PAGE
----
Education in the Media
Two Years in the Making, Ruiz Tenure Reform Bill Inches Closer to LawJune 19, 2012
Teacher tenure reform took a big step toward passage in the Legislature yesterday, as advocates across the spectrum lined up behind a Senate bill that some predicted could replace New Jersey’s century-old tenure law within the week.
It was a regular love-fest before the Senate budget committee for the bill crafted by state Sen. Teresa Ruiz (D-Essex), the Senate’s education chairman, who has been working on the proposal for the better part of two years.
Support came from groups as disparate the New Jersey Education Association and the conservative New Jersey League of American Families.
Democratic committee members unanimously praised it, as did Republicans.
“We’re going to next send you to the Middle East to take on the peace process,” state Sen. Loretta Weinberg (D-Bergen) told Ruiz.
That’s not to say passage in the Legislature is guaranteed. A competing Assembly bill sponsored by state Assemblyman Patrick Diegnan Jr. (D-Middlesex) still stands ready for vote in that chamber, with some key differences from Ruiz’s bill.
While both bills would tie tenure directly to teacher evaluations, Diegnan’s bill wouldn’t go quite as far as Ruiz’s and would give teachers greater protections and grounds to appeal.
Gov. Chris Christie also has yet to say whether he would sign either bill, no sure bet given that neither measure deals with seniority rights for teachers, one of the core issues Christie has long said was a priority.
But the Republicans’ unanimous endorsement in the Senate committee yesterday, including some of its most conservative members, appeared to signal that the governor was willing to the support the measure.
And there was indication that the Assembly may move the measure in concert with Diegnan as well, especially with the NJEA not sounding like it would get in the way. The NJEA also supported Diegnan’s bill last week, and indicated the differences were relatively easy to bridge. Nonetheless, some Democratic leaders also said the union’s support yesterday provides cover for Democrats to get behind Ruiz’s bill.
Diegnan wasn’t ready to give up his points just yet, but he sounded conciliatory about merging his bill into the Assembly version of Ruiz’s, now being sponsored by state Assemblyman Albert Coutinho (D-Essex).
“In deference to her, as she’s been working on this a long time,” Diegnan said in a telephone interview.
The Assemblyman, who chairs the education committee, said there were still some issues to resolve that he said he would not discuss publicly yet, but said he was confident agreement could be reached.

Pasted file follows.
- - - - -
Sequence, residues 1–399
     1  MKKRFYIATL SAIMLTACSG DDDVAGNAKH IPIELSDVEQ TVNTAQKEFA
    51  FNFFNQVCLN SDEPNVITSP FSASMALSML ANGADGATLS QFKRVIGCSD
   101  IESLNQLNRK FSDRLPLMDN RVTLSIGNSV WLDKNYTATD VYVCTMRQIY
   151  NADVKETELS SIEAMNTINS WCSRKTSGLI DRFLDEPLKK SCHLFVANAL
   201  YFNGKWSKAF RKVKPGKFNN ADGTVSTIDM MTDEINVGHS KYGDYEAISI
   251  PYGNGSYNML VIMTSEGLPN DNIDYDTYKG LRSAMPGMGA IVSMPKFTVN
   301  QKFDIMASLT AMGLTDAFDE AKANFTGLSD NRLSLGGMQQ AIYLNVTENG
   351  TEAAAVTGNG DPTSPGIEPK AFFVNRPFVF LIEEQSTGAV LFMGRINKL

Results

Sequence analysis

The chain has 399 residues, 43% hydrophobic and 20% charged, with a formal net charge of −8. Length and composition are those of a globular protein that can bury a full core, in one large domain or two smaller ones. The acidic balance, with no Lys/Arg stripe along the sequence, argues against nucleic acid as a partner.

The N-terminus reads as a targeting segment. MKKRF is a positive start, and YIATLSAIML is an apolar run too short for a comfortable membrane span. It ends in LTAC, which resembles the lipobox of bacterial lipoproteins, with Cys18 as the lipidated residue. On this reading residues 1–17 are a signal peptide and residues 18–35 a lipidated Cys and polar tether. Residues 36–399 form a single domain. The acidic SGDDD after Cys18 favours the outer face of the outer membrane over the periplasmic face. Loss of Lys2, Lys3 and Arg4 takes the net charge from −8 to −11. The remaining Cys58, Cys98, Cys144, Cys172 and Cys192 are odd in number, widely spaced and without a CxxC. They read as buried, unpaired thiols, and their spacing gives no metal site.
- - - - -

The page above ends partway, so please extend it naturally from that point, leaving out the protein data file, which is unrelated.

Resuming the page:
One of the biggest points of difference is the explicit language in Diegnan’s bill that would prohibit student test scores from being a determining factor in a teacher’s evaluation. Ruiz’s bill only speaks to “multiple measures” of student achievement being required.
“It has always been my goal to have one bill, and I still think we will,” Diegnan said last night.
There isn’t much time, but it appeared the Ruiz bill was now moving to full Senate vote on Thursday. The Assembly could take it up next week, before the Legislature leaves for its summer break.
The hearing yesterday wasn’t without a few concerns, although they appeared to deal with peripheral issues, as well as how the law would be implemented.
Leaders of the New Jersey Principals and Supervisors Association raised a number of questions, including whether the state’s data system was yet up to the task of measuring student progress, one of the key pieces of a teacher’s evaluation.
“As data availability improves, we will be more confident about data use in evaluation, but until that time, we recommend language promoting the use of data in evaluation, but not permitting a single test score to be the determining factor in evaluation ratings,” read the organization’s testimony.
There is a dollar cost to the new system as well, as the bill’s summary made clear.
For instance, the new evaluation system that would be deployed in every district and is now being tested in a handful of schools could cost as much as $60 million statewide, the statement read.
The bill would also shift the cost of first-year mentoring of teachers back to the state, although it did not put a price tag on that.
Still, the comments were overwhelmingly positive yesterday, and it seemed at times that the testimony on the bill was as much about thanking the different legislators and stakeholders for their cooperation in the process.
“Compromise did take this bill from one point to another,” Ruiz said in an opening statement. “But compromise did not interfere with us accomplishing what will be today a historic vote on creating policy that will ensure that we have the best professionals in front of every classroom.”